You know, we have to keep in mind that the founders right, you know, said or whoever wrote the Federalist Papers, you can be on the details on this one, right, is that democracy and freedom are going to produce some, you know, negative externalities that we have to try to use institutions to contain. And here the question then is like, Okay, well, if we assume that an independent group of individuals would be better than legislators who have an incredible number of incentives for re election, but we find that this independent group are also just kind of, they're actually boxed in and similar constraints. And so then the question is, is maybe redistricting is not enough? and independent commissions are not enough that we also have the matter of how, what are our rules around single member or multi member? Do we have first past the post? Or do we have proportional representation? Do we, you know, just kind of do a one majority Aryan voter? Do we do rent choice voting, there are all these other kinds of things that, you know, come along that we probably need to start asking questions about. And, you know, we been working toward little tidbits here and there. And so you know, it's nice to have Jenna's interview with Chris Fowler, where they discuss all of these. And also in part because Jen is such an amazing interviewer asked all the right questions that we get an opportunity to see a lot of the complexities around not just independent, these independent commissioners, but also some of the kind of other accoutrement around election.

Chris Beem 
I have nothing to add to that. So I go, we should go to the interview.

Jenna Spinelle
Yes. Well, thank you, Candis, for those kind words. And I think we'll maybe pick Tap on multi member districts and some of those other nuances in the back half of the show. But for now, let's go to the interview with Chris Fowler.

Jenna Spinelle 
Chris Fowler. Welcome to Democracy Works. Thanks for joining us.

Chris Fowler 
Thanks for having me.

Jenna Spinelle
So you are the first geographer that we've ever had on this show. And I am excited to talk with you about some of your work on redistricting and the approaches that have been taken thus far to try to combat that problem of gerrymandering. But before we get to some of those details, can you just tell us a little bit about your background and your interest in redistricting? how it came onto your radar?

Chris Fowler 
Sure. And I think first, as a geographer, the thing I have to comment on is, it has nothing to do with knowing all the state capitals, nor do I like rocks particularly well, most people when they hear that I'm a geographer immediately assume that I'm a geologist, or that I'm a map geek. And I do actually like rocks a lot. And I am kind of a math geek. But geography is my interest is really on when we draw boundaries around things. What are we able to see? And what aren't we able to see, because where we place those boundaries, shapes, a lot of outcomes. And so my research actually begins with census tracts and school districts and labor markets and metropolitan areas. And how do we define rural? How do we define urban? These are the questions that have guided my research for the last 10 years. And it's actually only recently that I've gotten into redistricting, which for me, is a subset of that larger set of questions. And, you know, redistricting is one of those places where people think a lot about how drawing the boundaries matters. And so my background coming into it is, I think, coming from a broader place, then sort of more the people who come here from politics arrive from a very different mindset about parties and party fairness. Whereas what I'm really beginning from is, are these units of observation, good units for capturing the kinds of things we want to we want to capture. And for me, that that what are we trying to capture is representation of the people living in a democracy? And so it starts from a different place?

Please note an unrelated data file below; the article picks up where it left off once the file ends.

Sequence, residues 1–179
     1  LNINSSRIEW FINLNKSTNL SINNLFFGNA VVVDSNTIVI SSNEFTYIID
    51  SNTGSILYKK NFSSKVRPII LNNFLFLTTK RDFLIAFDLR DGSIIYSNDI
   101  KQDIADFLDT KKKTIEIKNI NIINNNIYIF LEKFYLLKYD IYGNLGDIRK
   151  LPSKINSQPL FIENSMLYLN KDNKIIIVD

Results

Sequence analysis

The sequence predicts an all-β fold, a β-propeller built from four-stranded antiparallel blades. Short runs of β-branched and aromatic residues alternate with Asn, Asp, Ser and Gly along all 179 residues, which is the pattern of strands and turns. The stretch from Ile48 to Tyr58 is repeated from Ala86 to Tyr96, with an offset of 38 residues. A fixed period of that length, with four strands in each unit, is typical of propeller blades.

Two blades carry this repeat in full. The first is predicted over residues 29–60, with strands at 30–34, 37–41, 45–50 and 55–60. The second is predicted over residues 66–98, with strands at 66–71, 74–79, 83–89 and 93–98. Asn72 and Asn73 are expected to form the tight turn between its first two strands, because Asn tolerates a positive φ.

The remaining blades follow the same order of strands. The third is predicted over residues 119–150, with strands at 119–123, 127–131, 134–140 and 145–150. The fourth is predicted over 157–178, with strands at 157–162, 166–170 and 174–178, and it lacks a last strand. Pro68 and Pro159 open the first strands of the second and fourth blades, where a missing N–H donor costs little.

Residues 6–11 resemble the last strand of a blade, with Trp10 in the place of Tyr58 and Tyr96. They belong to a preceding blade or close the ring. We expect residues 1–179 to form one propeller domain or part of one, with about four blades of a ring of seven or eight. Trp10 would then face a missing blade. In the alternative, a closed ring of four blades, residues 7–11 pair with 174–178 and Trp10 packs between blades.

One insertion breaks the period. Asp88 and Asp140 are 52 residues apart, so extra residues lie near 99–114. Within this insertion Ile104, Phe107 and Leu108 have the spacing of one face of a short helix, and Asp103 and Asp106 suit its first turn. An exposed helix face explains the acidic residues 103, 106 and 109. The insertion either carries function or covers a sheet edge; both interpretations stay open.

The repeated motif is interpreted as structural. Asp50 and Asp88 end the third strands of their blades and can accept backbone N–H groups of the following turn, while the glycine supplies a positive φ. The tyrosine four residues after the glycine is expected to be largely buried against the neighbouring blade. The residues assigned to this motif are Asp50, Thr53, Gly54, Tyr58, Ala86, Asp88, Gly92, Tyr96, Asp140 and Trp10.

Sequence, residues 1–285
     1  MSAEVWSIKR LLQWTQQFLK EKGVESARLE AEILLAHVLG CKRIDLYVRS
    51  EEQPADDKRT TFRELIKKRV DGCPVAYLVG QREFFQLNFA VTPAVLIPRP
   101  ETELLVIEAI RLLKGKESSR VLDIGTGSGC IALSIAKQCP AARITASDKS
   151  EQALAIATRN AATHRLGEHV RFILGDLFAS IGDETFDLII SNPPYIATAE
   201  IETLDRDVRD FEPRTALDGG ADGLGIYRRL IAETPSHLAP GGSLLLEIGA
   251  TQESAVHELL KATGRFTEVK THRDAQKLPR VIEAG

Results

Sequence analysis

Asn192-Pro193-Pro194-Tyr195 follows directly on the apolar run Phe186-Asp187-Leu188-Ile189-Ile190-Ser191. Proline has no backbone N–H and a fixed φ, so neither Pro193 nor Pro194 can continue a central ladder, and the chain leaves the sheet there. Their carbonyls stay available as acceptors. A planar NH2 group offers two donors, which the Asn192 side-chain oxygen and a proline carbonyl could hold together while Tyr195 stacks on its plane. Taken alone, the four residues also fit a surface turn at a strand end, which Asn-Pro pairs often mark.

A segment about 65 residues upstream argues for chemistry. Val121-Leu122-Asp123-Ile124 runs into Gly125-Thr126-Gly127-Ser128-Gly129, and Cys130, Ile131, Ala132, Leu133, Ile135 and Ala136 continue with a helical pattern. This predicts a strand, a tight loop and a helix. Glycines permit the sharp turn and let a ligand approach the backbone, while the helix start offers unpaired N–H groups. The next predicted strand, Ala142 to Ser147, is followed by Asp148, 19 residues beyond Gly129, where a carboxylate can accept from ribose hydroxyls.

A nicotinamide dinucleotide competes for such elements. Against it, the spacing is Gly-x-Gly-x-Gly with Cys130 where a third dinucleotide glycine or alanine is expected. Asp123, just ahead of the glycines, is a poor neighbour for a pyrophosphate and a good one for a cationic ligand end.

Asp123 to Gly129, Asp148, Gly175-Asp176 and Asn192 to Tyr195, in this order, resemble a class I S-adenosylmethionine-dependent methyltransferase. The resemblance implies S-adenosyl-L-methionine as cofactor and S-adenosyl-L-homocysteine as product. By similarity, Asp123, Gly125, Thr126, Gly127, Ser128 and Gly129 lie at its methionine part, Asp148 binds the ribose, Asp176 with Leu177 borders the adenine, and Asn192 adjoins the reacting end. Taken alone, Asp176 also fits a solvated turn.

Jenna Spinelle 
Is it fair to say that people coming at it from that politics angle you're just describing are focused on the end results, or the outcome, as opposed to the process for getting there that you were just describing,

Chris Fowler 
One of the things I've noticed is a lot of the metrics coming out of Political Science start with this idea of fairness to parties, one party's representation is not proportional to its the votes received. And that's a very different starting point from are we capturing voter preferences using these units of observation. And the big difference there is, I don't really care about fairness to parties, that parties are useful so far, and they describe the preferences of voters. But increasingly, if parties don't describe the preferences of voters, then they're not that useful to me as a metric. So there is a significant difference there. Right?

Jenna Spinelle